Another big oddity about the game is that it has optional missions where the game switches to real-time strategy battle on the overworld map. They are extremely basic battles, to the extent that your “strategizing” is limited to telling one or two of your bases which other specific base to attack, and with what type of unit (fire-users to attack bases, lightning-users to fight robots, ice-users to fight dragons) to use in the attack. All the while, you run around the world map as a single party member, attacking enemy armies as if you were just in another dungeon map, and occasionally entering enemy bases to do some real battles with a full party. The whole thing is just plain weird, and the fact that even the main story missions of this type are optional goes to show the developer was aware of it. It doesn’t help that most of them are virtually impossible to win without using a ranged attacker either. But personally, I still ended up enjoying these silly missions.
Youth Is Wasted on the Young
Final Fantasy Type-0 HD expects you to play it twice, as proven by its New Game+ option and numerous high-level optional missions. If you only play it to completion once (as I did), you will have no idea what causes major events toward the game’s conclusion, because most of it is kept a secret that is only revealed during your second playthrough of the game. This is a major violation of common sense, let alone good narrative storytelling. And unfortunately, the stuff the game withholds from us isn’t even very interesting, or so Wikipedia tells me.
But if you set aside the complicated lore, what you have leftover is a simple war story told in the style of a documentary. It never dares to approach the lofty political heights of Final Fantasy Tactics, instead opting for gritty, in-the-trenches realism. There are four nations, each abiding by the will of a magical crystal, and in turn using the power of its respective crystal to prosper. In Rubrum, home of the Vermilion Bird Crystal, magic reigns, and teenagers are most adept at using magic. Thus, the whole of Rubrum’s Akademeia student body (including Class Zero) makes up the brunt of the army, which goes to war with the mechanized army of neighboring Milites. In other words, it’s magical kids versus men piloting killer robots.
Teenagers fighting a war sounds preposterous now, but bear in mind how many teenagers fought in World War II. And this game, in spite of its fantastical nature, treats this fictional war with exactly the same gravity. This is not a game where everyone is always getting saved at the last second; people die all the time. During missions, you will regularly find comrades wounded or dead on the ground, and if you talk to them, they will often remark with horror and disbelief that their lives could end so abruptly and meaninglessly. Indeed, as the game goes on, Akademeia steadily becomes less crowded with students, because so many of them are dead. For convoluted reasons, the crystals remove everyone’s memories of the dead too, so characters that you (the player) really get to know over the course of the game will be completely forgotten by your party. That part’s a little exaggerated, but it’s still tragic enough to get you to stop and really think about the implications of systematic violence in a way that cannot be accomplished by a series like, say, Killzone. In other words, this is a game that “scares you straight.”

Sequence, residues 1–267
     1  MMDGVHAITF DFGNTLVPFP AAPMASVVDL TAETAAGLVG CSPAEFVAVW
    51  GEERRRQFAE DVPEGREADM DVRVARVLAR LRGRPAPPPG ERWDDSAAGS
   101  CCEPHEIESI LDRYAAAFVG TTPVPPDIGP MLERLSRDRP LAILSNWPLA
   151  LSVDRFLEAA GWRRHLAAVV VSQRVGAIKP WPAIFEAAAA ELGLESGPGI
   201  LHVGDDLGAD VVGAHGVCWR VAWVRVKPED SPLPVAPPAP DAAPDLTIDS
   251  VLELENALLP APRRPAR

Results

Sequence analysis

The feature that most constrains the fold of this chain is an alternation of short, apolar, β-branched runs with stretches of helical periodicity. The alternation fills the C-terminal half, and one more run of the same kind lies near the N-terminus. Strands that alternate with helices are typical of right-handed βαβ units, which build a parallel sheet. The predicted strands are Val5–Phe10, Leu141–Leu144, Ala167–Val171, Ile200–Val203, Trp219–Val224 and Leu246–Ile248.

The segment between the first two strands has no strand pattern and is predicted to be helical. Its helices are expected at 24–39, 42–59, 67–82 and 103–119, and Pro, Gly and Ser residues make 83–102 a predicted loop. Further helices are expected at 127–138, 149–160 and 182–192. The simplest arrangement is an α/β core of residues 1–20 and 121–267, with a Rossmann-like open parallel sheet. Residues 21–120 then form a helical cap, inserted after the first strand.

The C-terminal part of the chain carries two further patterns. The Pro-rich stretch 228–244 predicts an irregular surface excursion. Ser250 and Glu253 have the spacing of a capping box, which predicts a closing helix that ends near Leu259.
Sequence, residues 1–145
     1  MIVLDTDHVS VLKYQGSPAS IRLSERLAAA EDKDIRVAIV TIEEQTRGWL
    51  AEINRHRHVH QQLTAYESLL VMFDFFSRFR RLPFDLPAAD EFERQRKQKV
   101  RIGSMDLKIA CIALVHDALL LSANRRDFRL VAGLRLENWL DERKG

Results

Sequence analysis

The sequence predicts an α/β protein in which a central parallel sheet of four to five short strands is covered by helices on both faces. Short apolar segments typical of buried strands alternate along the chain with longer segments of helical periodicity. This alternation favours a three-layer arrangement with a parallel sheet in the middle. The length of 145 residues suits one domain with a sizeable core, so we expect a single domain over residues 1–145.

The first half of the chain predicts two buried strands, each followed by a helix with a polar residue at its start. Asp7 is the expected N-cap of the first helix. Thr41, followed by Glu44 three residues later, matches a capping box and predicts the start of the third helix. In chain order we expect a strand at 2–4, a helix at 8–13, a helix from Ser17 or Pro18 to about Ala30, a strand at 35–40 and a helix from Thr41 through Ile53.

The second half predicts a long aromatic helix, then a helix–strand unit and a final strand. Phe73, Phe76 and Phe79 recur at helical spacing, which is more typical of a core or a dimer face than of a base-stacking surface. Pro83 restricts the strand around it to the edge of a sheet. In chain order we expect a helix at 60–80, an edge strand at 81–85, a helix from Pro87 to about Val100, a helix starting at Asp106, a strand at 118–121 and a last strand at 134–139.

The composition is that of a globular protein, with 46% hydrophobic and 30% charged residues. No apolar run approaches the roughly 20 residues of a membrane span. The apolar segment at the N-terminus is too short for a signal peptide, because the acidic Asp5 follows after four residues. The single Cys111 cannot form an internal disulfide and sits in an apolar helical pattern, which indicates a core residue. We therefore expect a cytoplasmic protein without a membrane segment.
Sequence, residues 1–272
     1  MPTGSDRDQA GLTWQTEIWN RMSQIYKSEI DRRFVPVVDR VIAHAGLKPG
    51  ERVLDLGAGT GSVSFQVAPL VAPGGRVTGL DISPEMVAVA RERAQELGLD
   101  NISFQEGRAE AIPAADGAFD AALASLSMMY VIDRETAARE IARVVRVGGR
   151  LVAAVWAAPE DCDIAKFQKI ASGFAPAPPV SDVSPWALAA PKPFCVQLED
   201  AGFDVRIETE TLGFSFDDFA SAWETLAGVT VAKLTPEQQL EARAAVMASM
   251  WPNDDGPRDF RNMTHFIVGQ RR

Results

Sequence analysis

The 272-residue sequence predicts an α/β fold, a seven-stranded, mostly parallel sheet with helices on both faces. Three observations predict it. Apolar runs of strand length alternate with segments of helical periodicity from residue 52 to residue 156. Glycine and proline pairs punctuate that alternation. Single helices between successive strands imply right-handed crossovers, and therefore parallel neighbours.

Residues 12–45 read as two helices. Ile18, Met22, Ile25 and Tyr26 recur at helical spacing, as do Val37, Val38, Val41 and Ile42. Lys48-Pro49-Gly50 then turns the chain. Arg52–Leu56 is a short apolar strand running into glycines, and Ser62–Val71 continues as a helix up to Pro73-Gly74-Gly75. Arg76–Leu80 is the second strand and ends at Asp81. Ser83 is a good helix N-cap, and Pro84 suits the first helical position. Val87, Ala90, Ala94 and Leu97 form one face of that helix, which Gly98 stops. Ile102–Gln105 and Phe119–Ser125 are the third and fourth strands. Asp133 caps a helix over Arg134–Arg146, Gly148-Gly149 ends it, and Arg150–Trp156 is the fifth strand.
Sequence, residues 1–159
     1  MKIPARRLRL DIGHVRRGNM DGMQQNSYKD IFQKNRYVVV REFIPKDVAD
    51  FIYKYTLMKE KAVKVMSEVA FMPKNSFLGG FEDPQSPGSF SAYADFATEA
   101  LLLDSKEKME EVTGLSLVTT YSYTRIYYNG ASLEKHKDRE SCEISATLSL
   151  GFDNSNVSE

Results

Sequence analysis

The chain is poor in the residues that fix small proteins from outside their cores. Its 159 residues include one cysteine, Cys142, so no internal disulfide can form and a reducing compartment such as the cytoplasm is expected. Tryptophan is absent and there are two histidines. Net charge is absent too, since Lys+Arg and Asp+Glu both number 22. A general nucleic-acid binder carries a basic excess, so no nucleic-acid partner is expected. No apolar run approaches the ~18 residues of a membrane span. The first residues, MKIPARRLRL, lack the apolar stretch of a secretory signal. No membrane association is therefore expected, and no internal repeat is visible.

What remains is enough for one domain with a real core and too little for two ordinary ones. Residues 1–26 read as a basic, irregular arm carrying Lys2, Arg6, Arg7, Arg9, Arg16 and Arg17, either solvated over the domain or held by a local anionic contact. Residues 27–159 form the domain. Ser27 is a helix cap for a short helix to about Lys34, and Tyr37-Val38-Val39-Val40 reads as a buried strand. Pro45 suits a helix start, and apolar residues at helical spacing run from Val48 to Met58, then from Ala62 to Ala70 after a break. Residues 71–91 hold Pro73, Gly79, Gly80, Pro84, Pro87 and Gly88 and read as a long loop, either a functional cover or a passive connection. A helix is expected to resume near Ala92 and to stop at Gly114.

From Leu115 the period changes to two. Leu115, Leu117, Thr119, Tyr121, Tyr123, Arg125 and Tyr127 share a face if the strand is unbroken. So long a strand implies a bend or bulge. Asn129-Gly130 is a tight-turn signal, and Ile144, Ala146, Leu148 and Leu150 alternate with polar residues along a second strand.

Tomorrow’s Another Day
Final Fantasy Type-0 HD tries to do a lot of different things with varying levels of success. It’s a war story. It’s a meditation on the value of life. It’s a real-time strategy game. It’s an angrier Kingdom Hearts. There’s even an airship you can acquire, but without reading about it on the Internet first, you will almost definitely finish your first playthrough without knowing it ever existed.
Ultimately though, for all its odd choices, I want to applaud this game for daring not to be a retread of Crisis Core, and for making an honest effort to tackle dark themes that are usually handled so lackadaisically in other video games. Plus, the combat is just darn good, which is really all that matters in the end. Anyone looking for a satisfying, challenging action RPG will be at home with this game. Let’s hope it gets a sequel.